Totally disagree with this review. It was a great film and succeeded in its aim: to reclaim Elvis from the self-parody he had become. To boot, it had an Oedipal mom, ineffectual dad, tyrant dad. Shakespeareanly tragic. See it for the ending, if for nothing else.
I was a little kid when Elvis was The King. It was my big sister who had “Elvis” and “Cliff” scratched into her school pencil case lid. They got equal top billing. Elvis had SO MUCH TALENT but it all got ignored and dissipated by such BAD management. Now we wonder why didn’t Elvis just stand up to his “manager” and demand his passport. But Elvis grew up in a world we’ve forgotten and only some older than me even glimpsed. A world where good manners and respect were drilled into you. Everyone of note who met Elvis in the 1960s,like say Joyce Grenfell,remarked how polite he was,in that charming American way. The thing is those rock and roll rebels weren’t really so outrageous as the media,at it back then too,hyped them up to be. Now it’s good that artists are more shrewd and have access to lawyers ( the words criminal and lawyer fit together so well).
Elvis had great acting ability and his career could have been developed that way but sadly he was kept making dross for the rest of his life,and he knew it,which is even sadder. Just my take on the tragedy of Elvis. Its like a Greek tragedy really. They say you should never get what you wish for.
We all remember fat Elvis at the end, and the hokey movies of the sixties. I think to begin to understand Elvis’s appeal you have to go all the way back. No doubt he brought great sexuality to his performances but easily overlooked is the voice. Here’s a 1950s recording of “That’s Alright Mama”. The guy had a great voice.
Elvis did have a fantastic voice, one that could go convincingly from being a hunk of burning love to someone crying in the chapel. He may have had blue suede shoes but he didn’t have a wooden heart.
I clearly remember hearing of his death. I was pushing a trolley down the endless isle of a sparkling, sterile new supermarket when they broke into the muzak with the news announcement. We all stopped, stood – they started playing Are you Lonesome Tonight, and I think we all wanted to cry.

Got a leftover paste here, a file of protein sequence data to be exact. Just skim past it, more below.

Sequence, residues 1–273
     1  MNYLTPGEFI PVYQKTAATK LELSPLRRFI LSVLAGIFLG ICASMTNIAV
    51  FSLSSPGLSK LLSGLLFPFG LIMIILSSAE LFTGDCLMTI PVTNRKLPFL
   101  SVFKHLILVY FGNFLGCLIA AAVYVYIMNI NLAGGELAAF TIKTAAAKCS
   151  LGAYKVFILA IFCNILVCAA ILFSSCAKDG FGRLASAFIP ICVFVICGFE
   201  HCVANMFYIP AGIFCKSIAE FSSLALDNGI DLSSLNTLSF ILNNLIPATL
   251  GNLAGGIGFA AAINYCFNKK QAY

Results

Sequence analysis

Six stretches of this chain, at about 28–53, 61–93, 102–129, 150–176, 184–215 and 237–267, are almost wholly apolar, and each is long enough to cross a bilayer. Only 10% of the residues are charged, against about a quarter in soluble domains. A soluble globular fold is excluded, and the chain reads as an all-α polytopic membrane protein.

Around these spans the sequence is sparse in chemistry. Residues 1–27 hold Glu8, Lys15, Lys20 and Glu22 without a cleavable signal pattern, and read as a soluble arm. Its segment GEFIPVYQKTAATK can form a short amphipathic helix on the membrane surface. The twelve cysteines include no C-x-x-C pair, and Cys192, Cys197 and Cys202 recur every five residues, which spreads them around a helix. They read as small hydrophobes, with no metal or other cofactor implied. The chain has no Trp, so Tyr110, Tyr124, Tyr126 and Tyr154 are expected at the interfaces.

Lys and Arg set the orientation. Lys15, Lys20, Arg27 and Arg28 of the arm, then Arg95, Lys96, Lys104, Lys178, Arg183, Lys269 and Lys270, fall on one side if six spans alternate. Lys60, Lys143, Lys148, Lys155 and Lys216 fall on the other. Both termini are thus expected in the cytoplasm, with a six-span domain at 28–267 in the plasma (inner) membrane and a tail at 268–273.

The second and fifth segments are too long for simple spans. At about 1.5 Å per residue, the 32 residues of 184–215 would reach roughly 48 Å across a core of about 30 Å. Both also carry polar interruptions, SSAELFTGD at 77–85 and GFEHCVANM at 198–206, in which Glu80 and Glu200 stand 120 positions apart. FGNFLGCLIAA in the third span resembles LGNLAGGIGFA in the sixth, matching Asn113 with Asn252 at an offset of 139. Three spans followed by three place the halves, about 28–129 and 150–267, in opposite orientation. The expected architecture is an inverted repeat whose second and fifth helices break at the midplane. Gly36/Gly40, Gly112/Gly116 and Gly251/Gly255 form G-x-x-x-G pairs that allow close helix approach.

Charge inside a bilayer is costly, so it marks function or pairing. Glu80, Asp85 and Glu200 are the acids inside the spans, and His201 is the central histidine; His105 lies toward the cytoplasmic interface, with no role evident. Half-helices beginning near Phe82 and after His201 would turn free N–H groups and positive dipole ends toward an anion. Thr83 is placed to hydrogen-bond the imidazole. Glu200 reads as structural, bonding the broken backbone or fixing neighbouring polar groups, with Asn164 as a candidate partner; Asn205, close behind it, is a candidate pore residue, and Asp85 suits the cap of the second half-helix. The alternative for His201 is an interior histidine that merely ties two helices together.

“As for his influence on today’s major artists, only Jack White and, arguably, Eminem have a clear debt to Elvis”
What about Bruno Mars?
Crying in the Chapel is my favourite Elvis song of all. Two years ago I bought an Elvis Sings Gospel CD as a kind of “post modern joke” thinking it would be all cheesy and yukky. What a laugh! But it’s beautiful. He sings a load of Faith Songs,many very old,a few more contemporary,not only very well but with complete and obvious sincerity. I play it a lot. OK so his faith didn’t make him a Perfect Person but it was real for sure and a lot of us find the gap between how we should be and how we are very wide.
I have always thought the lack of current/new fans of Elvis is due to his rather spotty albums. If your parents were Beatles fans and you get curious about the Beatles and randomly grab a Beatles album to check out, it is a good record. If you do the same with Elvis and grab one of his lame soundtrack albums, or one of his patchwork latter albums, the potential young fan is going to wonder what mom and dad see in this guy. For whatever reason Elvis threw away what could have been some of his most creative years. The copyright requirements if he recorded one of your songs kept top songwriters away. Touring with overblown bands, do you really need two groups of background singers?, playing mostly lame covers and rushing through your greatest hits, makes it seem as if he almost learned nothing from the 68 comeback. His legacy is bottom heavy in forgettable releases, and as a result new fans are tough to foster.
Several solid points in your observations. His early music was much more compelling and brought a new fresh approach to the blend of R&B and country. Later material was much less inspiring.